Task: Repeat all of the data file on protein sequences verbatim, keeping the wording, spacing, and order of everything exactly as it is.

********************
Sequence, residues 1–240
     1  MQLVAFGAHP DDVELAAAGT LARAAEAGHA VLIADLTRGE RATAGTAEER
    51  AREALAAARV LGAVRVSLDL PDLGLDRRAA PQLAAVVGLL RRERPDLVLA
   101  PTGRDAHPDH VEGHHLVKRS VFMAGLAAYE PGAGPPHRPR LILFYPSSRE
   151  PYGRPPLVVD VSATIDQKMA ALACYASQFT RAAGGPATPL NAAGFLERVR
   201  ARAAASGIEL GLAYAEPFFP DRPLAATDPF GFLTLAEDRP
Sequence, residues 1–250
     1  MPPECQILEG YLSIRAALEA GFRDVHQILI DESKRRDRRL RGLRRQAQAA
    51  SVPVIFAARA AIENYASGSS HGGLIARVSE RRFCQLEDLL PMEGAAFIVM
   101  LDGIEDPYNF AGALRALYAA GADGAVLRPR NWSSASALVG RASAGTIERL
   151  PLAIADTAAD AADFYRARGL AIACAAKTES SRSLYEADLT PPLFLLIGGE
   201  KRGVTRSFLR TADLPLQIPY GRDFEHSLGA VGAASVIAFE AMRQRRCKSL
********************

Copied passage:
Sequence, residues 1–240
     1  MQLVAFGAHP DDVELAAAGT LARAAEAGHA VLIADLTRGE RATAGTAEER
    51  AREALAAARV LGAVRVSLDL PDLGLDRRAA PQLAAVVGLL RRERPDLVLA
   101  PTGRDAHPDH VEGHHLVKRS VFMAGLAAYE PGAGPPHRPR LILFYPSSRE
   151  PYGRPPLVVD VSATIDQKMA ALACYASQFT RAAGGPATPL NAAGFLERVR
   201  ARAAASGIEL GLAYAEPFFP DRPLAATDPF GFLTLAEDRP
Sequence, residues 1–250
     1  MPPECQILEG YLSIRAALEA GFRDVHQILI DESKRRDRRL RGLRRQAQAA
    51  SVPVIFAARA AIENYASGSS HGGLIARVSE RRFCQLEDLL PMEGAAFIVM
   101  LDGIEDPYNF AGALRALYAA GADGAVLRPR NWSSASALVG RASAGTIERL
   151  PLAIADTAAD AADFYRARGL AIACAAKTES SRSLYEADLT PPLFLLIGGE
   201  KRGVTRSFLR TADLPLQIPY GRDFEHSLGA VGAASVIAFE AMRQRRCKSL